Those of you that use it know that LA Scoring Strings is an incredible tool for creating realistic string mockups and recordings. But it can be a little daunting at first, especially with the A.R.C. and all of the complexity (and power) that brings. When I first started using LASS, I didn’t know how to set up keyswitches and quickly retreated to putting different articulations of a string section in different Kontakt instruments just so I could get my piece finished.
I’ve recently been mixing a piece for a fellow composer and saw that he had used exactly the same workaround that I originally had—placing each articulation on a different track in his mix. I realized there may be a lot of you out there who haven’t yet found the excellent video tutorials on the Audiobro site, so I thought I’d share those. As you can see from the video, setting up keyswitching isn’t all that complex once you understand how it’s done, but if you don’t know how to do it you’d be hard pressed to work it out on your own. The best part is, you only have to set it up once and then save your template in Kontakt.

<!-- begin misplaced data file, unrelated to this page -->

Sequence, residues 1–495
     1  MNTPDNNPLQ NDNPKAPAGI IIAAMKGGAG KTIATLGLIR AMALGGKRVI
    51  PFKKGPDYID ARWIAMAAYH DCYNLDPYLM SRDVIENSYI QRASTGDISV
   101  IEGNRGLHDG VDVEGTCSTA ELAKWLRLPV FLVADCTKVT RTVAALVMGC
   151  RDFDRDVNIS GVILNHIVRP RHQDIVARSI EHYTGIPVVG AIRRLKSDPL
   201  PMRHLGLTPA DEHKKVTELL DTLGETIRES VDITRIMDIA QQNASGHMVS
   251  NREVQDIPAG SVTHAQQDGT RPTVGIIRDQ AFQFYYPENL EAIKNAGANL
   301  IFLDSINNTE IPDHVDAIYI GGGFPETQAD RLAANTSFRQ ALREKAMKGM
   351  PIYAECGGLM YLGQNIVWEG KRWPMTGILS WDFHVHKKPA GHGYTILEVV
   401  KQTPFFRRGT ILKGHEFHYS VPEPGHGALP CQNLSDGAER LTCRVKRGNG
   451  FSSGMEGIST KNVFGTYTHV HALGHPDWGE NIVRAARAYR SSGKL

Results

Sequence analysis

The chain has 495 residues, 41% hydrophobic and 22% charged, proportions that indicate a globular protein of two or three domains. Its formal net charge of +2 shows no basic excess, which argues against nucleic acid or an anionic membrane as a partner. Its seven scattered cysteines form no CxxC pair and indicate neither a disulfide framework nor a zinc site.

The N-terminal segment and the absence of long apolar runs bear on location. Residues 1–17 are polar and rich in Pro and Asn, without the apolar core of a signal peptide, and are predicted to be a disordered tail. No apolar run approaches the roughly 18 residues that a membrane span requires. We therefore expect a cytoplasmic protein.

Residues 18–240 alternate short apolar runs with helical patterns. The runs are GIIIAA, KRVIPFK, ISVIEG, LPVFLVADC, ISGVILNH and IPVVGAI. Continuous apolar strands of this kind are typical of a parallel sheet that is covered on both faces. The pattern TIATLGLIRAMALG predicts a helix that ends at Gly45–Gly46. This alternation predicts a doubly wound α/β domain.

There are also a few extra tutorials hidden away in the forums, including one on how to set up keyswitching so it works with the Auto Arranger. This one really had me stymied until I found it, in part because I was using a smaller ensemble of just first chairs and part A players. The secret I discovered is that in cases like this you need to go into the SubRules(A) tab and set up rules for two-note harmonies, otherwise LASS won’t know how to assign the parts (see below). Once I did this, everything worked perfectly.
If you own LASS and haven’t watched the tutorials, I highly recommend you set aside an hour or so and watch them. The A.R.C. interface can be intimidating at first, but once you know the ropes it actually makes a lot of sense, and the folks at Audiobro have packed a lot of power into it. And if you have additional questions while you’re working, the forums are an excellent place to ask. Andrew and Sebastian are very responsive, and I usually haven’t had to wait long for a helpful answer.